Because I am feeling lazy and have a lot of other things to do, I thought I’d recycle this post from 2000 which first appeared in Columbus Day Riot.
Christmastime can be hard those of us who tend to worry about how the world works. I have railed in the past about the obligations to a relentless flurry of materialism, but that only comes to me because the majority culture is part of my heritage. There are millions of Americans and billions of people around the world for whom Christianity itself, the supposed origin of the holiday, is not a part of their traditions and values.
I think there is something there in the life of Jesus that we all can celebrate and learn from.
I realize that this statement is a difficult one, but that is true largely because even those of Christian faith typically know very little about the man known as Jesus of Nazareth and what he was trying to say. Jews, for example, often see Jesus and his eventual death as just a cheap excuse for their persecution because that is how it has been used against them for two thousand years. Other faiths, especially Islam, have had Christianity used as a war cry and an excuse to kill and enslave and imprison their people and culture. All of this sad history has only been possible because no one, especially Christians, seems to understand the real message that was being preached by “The Prince of Peace” and what his way of life was really all about.
Certainly, the Bible itself as an authority can be confusing and contradictory. But the words of Jesus are very clear on a number of topics, especially when it comes to living a life that is truly at peace:
Ye have heard that it hath been said, An eye for an eye, and a tooth for a tooth: But I say unto you, That ye resist not evil: but whosoever shall smite thee on thy right cheek, turn to him the other also. (Matthew 5:38-39)
This is a direct refutation of what came before, and a simple command to live a life of peace. To follow Jesus and his teachings means that you do not strike out, but resist passively and non-violently. This is a part of the Sermon on the Mount, the most famous and complete selection of his teachings that has survived to this day.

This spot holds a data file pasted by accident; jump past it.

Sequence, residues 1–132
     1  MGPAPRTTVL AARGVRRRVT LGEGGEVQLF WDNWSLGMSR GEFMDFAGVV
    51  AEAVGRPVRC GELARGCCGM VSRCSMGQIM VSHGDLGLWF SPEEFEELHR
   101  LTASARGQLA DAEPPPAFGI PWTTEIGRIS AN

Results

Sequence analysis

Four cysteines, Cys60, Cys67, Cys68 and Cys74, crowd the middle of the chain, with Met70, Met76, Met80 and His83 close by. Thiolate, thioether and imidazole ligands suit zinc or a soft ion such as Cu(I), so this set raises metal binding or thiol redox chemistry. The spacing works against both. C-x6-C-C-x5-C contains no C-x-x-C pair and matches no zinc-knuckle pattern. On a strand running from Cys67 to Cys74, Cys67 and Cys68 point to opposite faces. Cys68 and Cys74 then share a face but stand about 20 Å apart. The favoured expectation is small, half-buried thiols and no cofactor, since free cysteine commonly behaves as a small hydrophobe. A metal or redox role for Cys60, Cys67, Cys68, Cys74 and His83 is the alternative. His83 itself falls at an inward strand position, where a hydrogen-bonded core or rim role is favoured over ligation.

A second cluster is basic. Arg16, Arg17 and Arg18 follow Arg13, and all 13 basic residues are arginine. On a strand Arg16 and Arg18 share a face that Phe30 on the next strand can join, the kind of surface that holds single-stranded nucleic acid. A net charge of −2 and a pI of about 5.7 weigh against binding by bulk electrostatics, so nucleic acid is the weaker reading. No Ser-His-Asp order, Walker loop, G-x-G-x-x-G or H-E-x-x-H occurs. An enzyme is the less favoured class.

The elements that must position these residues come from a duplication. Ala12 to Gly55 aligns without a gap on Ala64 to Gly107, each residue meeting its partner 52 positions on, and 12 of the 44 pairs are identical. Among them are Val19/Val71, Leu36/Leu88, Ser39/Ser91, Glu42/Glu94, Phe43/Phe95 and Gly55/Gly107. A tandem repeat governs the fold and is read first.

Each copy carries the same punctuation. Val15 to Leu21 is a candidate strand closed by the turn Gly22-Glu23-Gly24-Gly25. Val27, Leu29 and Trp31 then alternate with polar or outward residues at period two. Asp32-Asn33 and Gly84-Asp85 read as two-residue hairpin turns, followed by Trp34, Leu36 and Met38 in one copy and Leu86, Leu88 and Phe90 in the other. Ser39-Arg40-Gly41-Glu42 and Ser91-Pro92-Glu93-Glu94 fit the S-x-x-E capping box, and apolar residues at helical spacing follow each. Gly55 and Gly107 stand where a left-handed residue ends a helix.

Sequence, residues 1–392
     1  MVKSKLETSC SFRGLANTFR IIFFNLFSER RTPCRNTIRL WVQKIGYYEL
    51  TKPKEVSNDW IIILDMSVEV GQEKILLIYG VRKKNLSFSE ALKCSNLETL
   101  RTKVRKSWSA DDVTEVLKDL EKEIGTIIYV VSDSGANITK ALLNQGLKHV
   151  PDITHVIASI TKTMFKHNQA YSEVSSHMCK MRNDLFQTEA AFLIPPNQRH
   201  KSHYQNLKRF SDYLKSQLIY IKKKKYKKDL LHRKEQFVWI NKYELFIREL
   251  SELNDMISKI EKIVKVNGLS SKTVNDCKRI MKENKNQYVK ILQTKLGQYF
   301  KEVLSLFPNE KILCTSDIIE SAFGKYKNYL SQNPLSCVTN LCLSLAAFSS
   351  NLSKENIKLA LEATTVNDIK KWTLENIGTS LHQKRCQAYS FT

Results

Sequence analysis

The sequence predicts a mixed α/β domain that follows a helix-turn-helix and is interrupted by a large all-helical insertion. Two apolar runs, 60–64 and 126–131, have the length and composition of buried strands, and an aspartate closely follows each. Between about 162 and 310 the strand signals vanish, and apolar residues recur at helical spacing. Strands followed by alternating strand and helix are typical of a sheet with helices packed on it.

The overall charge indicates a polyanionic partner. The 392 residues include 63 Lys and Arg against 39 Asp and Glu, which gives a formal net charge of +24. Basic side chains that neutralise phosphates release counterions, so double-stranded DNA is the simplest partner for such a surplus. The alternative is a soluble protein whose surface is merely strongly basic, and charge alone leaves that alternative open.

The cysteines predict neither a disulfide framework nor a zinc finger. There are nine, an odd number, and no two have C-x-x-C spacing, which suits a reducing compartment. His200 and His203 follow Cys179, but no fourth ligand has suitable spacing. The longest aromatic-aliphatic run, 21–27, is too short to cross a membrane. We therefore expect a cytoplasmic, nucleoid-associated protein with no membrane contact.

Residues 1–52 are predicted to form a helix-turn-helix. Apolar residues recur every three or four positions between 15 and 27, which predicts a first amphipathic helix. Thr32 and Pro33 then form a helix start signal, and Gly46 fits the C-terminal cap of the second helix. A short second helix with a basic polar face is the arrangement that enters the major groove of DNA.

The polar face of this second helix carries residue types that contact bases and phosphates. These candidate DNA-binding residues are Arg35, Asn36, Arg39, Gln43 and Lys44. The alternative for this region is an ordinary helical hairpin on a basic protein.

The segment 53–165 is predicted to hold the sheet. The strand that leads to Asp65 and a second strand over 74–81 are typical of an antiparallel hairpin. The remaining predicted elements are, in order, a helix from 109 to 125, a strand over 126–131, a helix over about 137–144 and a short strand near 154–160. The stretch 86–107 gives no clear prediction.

There are many other important passages in there, such as Blessed are those who hunger and thirst for righteousness, for they shall be filled. (Matthew 5:6) — in other words, it is the process of attempting to be a better person that eventually creates its own reward. This is not a bunch of New Age claptrap, it is the teachings of a Jewish peasant whose very existence is supposedly the foundation of our majority culture. Yet people rarely seem to find that message in our culture itself — they feel compelled seek outside Western Heritage for messages of peace and self-enlightenment.
How this got twisted into what we now know is a tough bit of tradition to get around. Mostly, it is blamed on Paul of Tarsus — the man who was most responsible for the spread of Christianity, and not so incidentally the only one of the first Christians who was not present when Jesus himself spoke. It is he who sent off letters to early groups of Christians telling them that “The just shall live by faith” (Romans 1:17). With the often (and mistaken) addition of “alone” at the end, the process of turning Christianity away from the life and teachings of Christ is complete: Faith is more important than behavior and actions.